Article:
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DeltaModules (discontinued)
Last updated at 2:37 pm UTC on 16 January 2006


The main reason why DeltaModules were added is that by this small introduction you can add a number of desirable features with a small and conceptually simple extension. (Strictly, the original reason was to allow conflict resolution, in the manner of SCAN layers.)

Defined as difference from a base module

It should not record the changes, but the final state, it just represents the final state in a delta-format for efficiency.
Hence, it still provides an exact definition of a module but as relative to another module (the base module).


Ie. its differences wrt the base may be installed into the base module or not.

Subsuming ChangeSets

With these capabilities, DeltaModules can take the role of ChangeSets, while avoiding (some of) their weaknesses.

Working with code that is not activated

DeltaModules (and regular Modules) would subsume the Package Browser (FileContentsBrowser), as a DM can be read into the image, edited, etc. without being active, the usual tools should be able to handle this (perhaps some Package Browser functionality may need to be moved into the regular Browser).

Downstream modifications

Deltas are meant to be used for holding downstream modifications to core classes, a k a external methods (think String>>asUrl or Object>>isDraggableMorph). A module that requires changes to other parts of the system would simply hold these in DeltaModules, which are then handled much like any other modules.

Conflicts and dependencies

Since they are a kind of module, they can be naturally handled as part of dealing with conflict resolution, dependency and version management, repositories, and so on, since all of these only need to deal with one kind of entity–the Module.
For instance, this gives you an ability to define dependencies and conflicts between "ChangeSets"–ie. DeltaModules.
De/activation also yields the ability to have conflicting packages in the image at the same time, and switching between them by deactivating the conflicting parts. Thus, a form of “layers” for handling conflicts.

An email to the Squeak list illustrates the use of DeltaModules:

Short module/delta module intro! Re: A Tool for managing modules
From: goran.hultgren@bluefish.se
Date: Mon, 4 Feb 2002 09:43:15 +0100

... Anyway, without having looked at the latest of this stuff my perception of these things as of OOPSLA / Splash (I may be simplifying to get the points through):

Modules can be viewed as standalone collections of classes. They live in a namespace of their own and if they reference (references them, actually it's about globals in general, not only classes of course) other classe in other modules, those modules become so called "external modules" to the module. It's more or less like an "import" I guess. So a module "depends" on other modules in this way.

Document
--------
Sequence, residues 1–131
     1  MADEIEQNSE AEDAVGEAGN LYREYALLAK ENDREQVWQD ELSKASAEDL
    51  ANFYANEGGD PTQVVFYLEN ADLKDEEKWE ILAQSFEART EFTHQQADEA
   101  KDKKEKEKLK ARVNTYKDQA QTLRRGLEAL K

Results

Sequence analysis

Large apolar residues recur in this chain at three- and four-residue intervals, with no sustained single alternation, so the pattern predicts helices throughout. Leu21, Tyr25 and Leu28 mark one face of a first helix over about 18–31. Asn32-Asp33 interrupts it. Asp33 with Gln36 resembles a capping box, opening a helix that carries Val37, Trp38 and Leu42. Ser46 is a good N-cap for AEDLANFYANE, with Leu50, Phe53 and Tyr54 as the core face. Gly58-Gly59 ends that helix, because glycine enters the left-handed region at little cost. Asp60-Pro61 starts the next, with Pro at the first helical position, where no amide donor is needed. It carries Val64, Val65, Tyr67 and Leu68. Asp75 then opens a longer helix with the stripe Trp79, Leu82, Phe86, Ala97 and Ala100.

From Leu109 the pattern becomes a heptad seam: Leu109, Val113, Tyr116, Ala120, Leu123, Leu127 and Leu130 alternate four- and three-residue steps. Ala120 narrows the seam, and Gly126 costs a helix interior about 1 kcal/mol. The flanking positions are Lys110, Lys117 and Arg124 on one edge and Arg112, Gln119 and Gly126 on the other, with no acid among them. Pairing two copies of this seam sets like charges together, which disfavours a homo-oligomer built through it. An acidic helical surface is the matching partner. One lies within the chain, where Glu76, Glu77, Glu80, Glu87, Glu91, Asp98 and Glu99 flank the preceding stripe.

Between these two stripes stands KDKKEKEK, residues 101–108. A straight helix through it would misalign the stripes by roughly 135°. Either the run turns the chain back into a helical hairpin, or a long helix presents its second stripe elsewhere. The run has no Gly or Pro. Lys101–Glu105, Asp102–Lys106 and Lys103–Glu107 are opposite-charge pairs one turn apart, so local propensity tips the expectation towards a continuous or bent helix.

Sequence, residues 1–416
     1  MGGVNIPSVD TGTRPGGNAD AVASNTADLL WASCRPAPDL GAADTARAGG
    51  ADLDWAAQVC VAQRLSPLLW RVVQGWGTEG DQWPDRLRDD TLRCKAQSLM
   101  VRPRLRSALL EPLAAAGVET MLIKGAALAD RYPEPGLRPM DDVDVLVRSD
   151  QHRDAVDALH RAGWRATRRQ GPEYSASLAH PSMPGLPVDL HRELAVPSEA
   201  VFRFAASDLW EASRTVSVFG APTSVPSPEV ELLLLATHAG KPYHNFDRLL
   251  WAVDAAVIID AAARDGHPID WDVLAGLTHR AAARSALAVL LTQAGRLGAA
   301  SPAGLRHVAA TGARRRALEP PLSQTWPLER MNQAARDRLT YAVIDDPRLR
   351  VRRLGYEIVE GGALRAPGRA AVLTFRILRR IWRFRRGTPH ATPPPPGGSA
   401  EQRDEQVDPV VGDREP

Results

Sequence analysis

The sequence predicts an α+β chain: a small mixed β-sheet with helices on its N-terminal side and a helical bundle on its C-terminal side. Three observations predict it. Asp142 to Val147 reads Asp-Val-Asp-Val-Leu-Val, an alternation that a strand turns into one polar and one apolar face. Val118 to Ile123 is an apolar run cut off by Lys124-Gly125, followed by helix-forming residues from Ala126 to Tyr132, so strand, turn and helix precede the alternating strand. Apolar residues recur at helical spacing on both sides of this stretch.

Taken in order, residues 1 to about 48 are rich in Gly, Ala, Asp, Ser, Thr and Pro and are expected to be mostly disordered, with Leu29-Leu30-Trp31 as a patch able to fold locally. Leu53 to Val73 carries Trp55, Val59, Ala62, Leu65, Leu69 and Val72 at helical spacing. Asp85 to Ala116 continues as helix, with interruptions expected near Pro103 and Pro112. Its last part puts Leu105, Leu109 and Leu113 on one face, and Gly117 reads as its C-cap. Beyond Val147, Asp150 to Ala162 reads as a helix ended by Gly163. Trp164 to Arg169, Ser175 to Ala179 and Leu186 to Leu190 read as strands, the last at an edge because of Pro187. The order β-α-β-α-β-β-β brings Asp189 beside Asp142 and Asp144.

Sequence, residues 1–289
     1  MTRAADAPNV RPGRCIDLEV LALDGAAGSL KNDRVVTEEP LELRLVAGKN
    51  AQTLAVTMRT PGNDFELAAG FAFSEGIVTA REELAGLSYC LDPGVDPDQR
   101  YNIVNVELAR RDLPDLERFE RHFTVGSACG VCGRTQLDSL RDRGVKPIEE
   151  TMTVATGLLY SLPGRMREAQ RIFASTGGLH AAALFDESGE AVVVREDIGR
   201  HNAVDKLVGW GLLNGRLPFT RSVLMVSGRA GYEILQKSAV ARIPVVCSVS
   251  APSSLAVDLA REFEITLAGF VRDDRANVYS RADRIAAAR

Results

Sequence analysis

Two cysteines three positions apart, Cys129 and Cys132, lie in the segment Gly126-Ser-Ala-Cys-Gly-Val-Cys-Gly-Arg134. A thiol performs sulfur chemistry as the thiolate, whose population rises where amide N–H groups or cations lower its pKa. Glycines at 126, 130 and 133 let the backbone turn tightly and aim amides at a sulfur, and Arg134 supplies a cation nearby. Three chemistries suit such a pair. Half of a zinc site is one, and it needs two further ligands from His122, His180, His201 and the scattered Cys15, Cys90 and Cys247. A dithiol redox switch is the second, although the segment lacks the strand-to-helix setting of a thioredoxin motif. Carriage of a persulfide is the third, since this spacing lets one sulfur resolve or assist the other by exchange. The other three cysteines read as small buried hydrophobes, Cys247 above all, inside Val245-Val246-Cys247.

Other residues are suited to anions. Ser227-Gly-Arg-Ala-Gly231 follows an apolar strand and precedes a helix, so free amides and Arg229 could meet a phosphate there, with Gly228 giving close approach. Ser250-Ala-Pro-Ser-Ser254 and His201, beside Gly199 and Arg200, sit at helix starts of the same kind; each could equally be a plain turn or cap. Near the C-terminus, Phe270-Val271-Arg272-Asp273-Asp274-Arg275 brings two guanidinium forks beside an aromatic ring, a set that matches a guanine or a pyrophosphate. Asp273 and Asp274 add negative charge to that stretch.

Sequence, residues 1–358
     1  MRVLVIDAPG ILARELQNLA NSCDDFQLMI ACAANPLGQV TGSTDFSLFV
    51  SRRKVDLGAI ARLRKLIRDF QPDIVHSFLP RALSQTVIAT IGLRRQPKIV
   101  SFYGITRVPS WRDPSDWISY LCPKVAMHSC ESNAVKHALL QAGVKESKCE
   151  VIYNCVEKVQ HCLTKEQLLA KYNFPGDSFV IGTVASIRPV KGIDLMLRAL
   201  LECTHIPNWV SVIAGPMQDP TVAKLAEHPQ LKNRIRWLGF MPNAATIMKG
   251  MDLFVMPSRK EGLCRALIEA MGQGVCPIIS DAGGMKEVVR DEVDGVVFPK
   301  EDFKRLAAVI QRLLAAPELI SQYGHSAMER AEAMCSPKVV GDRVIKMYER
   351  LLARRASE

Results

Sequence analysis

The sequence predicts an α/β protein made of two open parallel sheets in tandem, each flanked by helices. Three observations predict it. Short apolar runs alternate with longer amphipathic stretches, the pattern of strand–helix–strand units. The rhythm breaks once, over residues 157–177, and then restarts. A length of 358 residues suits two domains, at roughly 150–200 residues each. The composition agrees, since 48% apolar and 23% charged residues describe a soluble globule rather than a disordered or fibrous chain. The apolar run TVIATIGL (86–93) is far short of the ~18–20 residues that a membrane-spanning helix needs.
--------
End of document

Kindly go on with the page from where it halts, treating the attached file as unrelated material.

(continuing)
So far so good - it is quite logical that a module has a namespace of it's own, it also seems quite logical that it needs to, in order to be a real module - otherwise it would be able to clash with other classes having the same names in other modules. Now it only needs to make sure that the "external modules" don't have clashing classes (globals).

The ideas that a module only contains standalone classes (and no loose class extensions, see below) they are by definition loadable without conflict. It's just a bunch of classes that can't possible affect anything.

Ok, here comes the tricky - but I would also like to say - the neat thing: a DeltaModule

A delta module represents the changes that a module "needs to apply" to other modules in order to "be happy". The typical example is adding a method to a class in another module. Since a "pure" module can only contain "standalone classes" it will have to have delta modules (as children) for this.

A single delta module captures all changes that one module wants to apply to a single other module. So if our module wants to add two methods to two different classes in ONE other module, we get ONE delta module. But if those methods where to be placed in classes from TWO other modules we would get two delta modules - one for each other module that we need to apply changes to.

So if I find a module with 33 delta modules in it I get scared. :-) I can also tell that this module depends on 33 other modules in a non trivial way (trivial being a simple client of those other modules). If it had 3 delta modules I would be happier, and if it had none I would be real happy.

One more quickie definition from Goran:

A DeltaModule is more or less like a ChangeSet. And as you know this means that:

1. It can contain loose method additions/removals.
2. It can contain class definition changes like variable
additions/removals, superclass changes etc.
3. It can contain complete additional classes.
4. In fact it can contain any conceivable change to a Module.

(the above might not be implemented yet, but this is the plan/design)

The whole point of the DeltaModule is that it contains all changes you would like to do to another Module that is not yours in order to make your Module happy. So think of it as a ChangeSet with the restriction that it can only change one Module. And then add the very important aspect of reversability. A DeltaModule is activated and deactivated - when it is activated its changes are applied and when it is deactivated the changes are removed.